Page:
With more than 300 dead yesterday August 14th 2013 alone and the resignation of Prime Minister Mohamed ElBaradei, Egypt is now getting ungovernable as supporters of deposed president and Islamist Muslim brotherhood continue to protest against the military backed government. More demonstrations are planned for today and an uneasy calm pervades Cairo, the capital.
Ange Ngu Thomas looks at what is at stake in the most populated and powerful middle east country, close ally of the USA.
Despite the 1.2 billion dollars in military aid it gives to Egypt annually, the United State again failed to stop yesterday’s crackdown on supporters of deposed president Mohammed Morsi, which led to the death of more than 500 people. The muslim Brotherhood is promising to bring more protesters on the streets today and the military backed government is equally determined to stop any further upheavals
US Secretary of state John Kerry, UN secretary general, Banki- Moon and the EU have all condemned the bloodshed. The military junta last night imposed a state of emergency which has brought relative calm across the country but this is not expected to last for long.
Local reports in Egypt say the clampdown by the police , bolstered by armored bulldozers, helicopters and support from the country’s army was striking in its brutality and marked one of the bloodiest episodes in Egypt’s history for decades.
Most of the deaths occurred when the military swooped in on two demonstrations in Cairo where thousands of supporters of deposed President Morsi had been camped out for the past six weeks asking that the military re-instate the detained leader immediately.
Egypt is now a deeply divided country as supporters of the military backed regime try to fight off the influence and political rhetoric from the very organized Muslim brotherhood that was created in 1928 and has waited to get to power for more than 80 years only to get and lose it after only one year. The brotherhood is angry and will go to any lengths to cause trouble.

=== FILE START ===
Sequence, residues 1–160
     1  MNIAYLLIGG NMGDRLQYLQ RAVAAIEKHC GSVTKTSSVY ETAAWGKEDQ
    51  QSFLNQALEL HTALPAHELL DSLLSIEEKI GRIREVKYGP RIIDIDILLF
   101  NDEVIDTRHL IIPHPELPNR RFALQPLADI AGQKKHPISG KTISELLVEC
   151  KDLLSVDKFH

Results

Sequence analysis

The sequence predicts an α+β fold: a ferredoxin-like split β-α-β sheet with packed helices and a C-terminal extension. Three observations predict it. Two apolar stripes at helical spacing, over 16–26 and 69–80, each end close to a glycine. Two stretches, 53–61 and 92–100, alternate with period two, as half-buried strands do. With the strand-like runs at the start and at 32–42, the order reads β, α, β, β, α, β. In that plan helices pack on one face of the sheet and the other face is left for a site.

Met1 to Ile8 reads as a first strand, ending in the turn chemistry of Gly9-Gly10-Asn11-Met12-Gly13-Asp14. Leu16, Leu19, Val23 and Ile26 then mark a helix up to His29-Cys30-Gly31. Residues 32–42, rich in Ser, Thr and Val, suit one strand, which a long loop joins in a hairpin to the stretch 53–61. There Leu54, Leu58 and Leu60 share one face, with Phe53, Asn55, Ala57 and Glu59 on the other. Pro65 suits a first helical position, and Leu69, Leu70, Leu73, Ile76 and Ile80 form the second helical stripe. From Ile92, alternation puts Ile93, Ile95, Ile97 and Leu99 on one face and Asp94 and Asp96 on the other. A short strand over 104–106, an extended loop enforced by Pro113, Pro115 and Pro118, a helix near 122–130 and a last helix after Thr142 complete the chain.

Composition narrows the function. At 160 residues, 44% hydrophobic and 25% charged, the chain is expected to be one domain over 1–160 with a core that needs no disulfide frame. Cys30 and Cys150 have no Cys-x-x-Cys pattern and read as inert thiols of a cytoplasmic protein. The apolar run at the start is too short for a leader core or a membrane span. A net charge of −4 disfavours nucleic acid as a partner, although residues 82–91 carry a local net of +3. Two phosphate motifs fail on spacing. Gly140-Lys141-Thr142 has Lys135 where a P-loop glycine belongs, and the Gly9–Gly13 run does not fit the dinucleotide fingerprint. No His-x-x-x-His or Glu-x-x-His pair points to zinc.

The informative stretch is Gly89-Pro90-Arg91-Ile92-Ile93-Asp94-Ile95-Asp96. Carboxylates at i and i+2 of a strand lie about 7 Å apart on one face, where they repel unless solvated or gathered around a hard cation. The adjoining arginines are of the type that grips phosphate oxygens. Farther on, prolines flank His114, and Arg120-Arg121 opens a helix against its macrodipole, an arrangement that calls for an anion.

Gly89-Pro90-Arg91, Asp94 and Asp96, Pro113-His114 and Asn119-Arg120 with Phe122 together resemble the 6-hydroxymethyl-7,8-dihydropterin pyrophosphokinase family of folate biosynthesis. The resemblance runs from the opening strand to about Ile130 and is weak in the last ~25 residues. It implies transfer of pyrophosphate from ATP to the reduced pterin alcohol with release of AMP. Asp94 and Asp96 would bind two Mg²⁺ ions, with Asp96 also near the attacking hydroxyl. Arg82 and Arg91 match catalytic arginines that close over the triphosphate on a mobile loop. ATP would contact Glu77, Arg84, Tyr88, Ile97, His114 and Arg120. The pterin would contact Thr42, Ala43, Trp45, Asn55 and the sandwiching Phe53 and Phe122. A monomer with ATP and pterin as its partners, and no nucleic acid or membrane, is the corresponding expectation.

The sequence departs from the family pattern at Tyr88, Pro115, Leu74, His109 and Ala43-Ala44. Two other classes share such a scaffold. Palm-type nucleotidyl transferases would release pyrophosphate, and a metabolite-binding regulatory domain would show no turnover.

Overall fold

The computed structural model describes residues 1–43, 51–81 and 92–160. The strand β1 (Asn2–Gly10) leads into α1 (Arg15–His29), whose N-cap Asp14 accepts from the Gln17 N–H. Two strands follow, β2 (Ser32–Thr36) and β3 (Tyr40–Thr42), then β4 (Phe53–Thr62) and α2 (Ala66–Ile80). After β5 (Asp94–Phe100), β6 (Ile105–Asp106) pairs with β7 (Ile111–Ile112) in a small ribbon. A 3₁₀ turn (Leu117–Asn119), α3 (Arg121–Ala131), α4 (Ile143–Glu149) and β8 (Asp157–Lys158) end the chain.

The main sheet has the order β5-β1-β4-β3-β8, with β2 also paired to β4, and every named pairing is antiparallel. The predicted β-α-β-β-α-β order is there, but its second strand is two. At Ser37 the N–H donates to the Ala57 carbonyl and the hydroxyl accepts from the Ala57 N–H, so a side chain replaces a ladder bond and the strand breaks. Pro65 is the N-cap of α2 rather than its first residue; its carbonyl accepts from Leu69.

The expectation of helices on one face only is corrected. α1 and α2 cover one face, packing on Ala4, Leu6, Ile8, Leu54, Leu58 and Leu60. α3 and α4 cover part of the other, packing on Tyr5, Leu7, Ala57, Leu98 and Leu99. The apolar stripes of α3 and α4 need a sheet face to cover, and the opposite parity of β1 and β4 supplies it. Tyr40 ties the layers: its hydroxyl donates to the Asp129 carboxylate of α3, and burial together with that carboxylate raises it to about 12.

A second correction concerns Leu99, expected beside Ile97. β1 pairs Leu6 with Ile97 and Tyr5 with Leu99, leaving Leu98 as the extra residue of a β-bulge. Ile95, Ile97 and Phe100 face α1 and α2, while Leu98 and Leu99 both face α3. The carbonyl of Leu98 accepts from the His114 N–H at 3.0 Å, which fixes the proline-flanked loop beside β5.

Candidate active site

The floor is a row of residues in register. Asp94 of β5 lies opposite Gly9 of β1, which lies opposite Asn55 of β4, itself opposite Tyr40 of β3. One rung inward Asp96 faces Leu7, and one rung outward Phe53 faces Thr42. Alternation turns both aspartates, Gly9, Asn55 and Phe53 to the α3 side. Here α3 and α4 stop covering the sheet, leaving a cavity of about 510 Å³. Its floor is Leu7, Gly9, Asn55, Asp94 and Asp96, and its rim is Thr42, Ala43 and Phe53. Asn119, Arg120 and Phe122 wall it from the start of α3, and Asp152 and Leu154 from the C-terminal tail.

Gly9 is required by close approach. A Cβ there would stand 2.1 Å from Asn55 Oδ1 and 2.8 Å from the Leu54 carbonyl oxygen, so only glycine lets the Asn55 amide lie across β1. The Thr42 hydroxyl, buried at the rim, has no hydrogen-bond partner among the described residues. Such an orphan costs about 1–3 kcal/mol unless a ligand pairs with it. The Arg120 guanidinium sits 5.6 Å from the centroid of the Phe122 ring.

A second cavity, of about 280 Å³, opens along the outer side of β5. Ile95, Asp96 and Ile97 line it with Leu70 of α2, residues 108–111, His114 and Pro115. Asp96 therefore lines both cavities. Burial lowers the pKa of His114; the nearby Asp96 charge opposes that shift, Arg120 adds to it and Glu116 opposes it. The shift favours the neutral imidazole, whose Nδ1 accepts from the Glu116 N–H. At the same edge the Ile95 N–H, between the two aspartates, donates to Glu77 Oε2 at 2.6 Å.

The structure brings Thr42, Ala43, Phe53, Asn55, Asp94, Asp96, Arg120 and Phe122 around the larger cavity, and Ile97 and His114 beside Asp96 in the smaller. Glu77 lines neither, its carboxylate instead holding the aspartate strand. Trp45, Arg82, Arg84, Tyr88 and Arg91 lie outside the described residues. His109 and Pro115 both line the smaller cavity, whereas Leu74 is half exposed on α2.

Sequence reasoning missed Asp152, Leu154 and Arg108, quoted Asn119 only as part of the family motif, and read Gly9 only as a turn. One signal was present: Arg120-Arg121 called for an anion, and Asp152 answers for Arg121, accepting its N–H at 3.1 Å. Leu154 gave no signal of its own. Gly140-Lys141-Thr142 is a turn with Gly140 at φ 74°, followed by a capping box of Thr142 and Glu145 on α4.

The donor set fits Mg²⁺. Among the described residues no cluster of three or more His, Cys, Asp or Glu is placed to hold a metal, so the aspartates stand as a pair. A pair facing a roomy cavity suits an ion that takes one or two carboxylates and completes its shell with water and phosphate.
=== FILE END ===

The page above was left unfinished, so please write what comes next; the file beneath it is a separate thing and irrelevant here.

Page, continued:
A statement by Egypt’s interim President Adli Mansour said that it mandated the armed forces and the police to do what they could to “restore order while protecting lives as well as public and private property”. It has also mandated the army to assist the police in restoring security and order.
US Secretary of State John Kerry said the events were “deplorable” and “a real blow to reconciliation efforts”. He said the unrest “ran counter to Egyptians’ aspirations to peace and democracy.”
However, in an interview with the Global post newspaper, former US diplomat extraordinaire, Nicholas Burns insinuated that the US no longer has a strong influence in Egypt, though it remained a strong ally in the region.
“The US retains significant influence in Egypt more than any other country…but, American influence is not what it once was and does not compare to what we had when I served at the Cairo Embassy in the mid-1980s”
He added that Saudi Arabia, the United Arab Emirates and Kuwait have just given “Egypt $12 billion with no restrictions”.
“This amount” the former diplomat said, “far exceeds total US aid annually… In this sense, Washington is no longer the only game in town.” He however, added that the US will want to “safeguard the influence it does have with the military due to our vital interests in Egypt itself.”
Reaction to the Egyptian crisis has been swift on twitter. According to Timeout, “what a joke, Obama and Hillary are the reason we have violence in Egypt”
Patrick Kingsley tweeted “This is the third and worst massacre since Morsi’s fall; when will this end?”
David noted: “Describing John Kerry’s statement as condemnation is grotesque”. The “EU claims Brotherhood movement had accepted negotiated plan to defuse crisis but Egypt military violently broke up sit-in anyway” tweeted Kenneth Roth
The military government in Egypt might have dislodged the Brotherhood sit-ins in Cairo, but the move seems to have deepened the crisis and when the next episode will happen is everyone’s guess.
For now, people power is just not working in Egypt. More than two thousand people have now died since Hosni Mubarak was toppled more than two years ago.
Somehow, the civil society and muslim brotherhood in Egypt have been unable to reduce the power of the military, the power brokers in the largely Muslim country. The USA is unfortunately not helping matters by continuing to provide logistical and financial support to the bloodthirsty Egyptian military.
Until the military is sent back to barracks where it belongs, Egypt will remain the “sick man of the middle east”.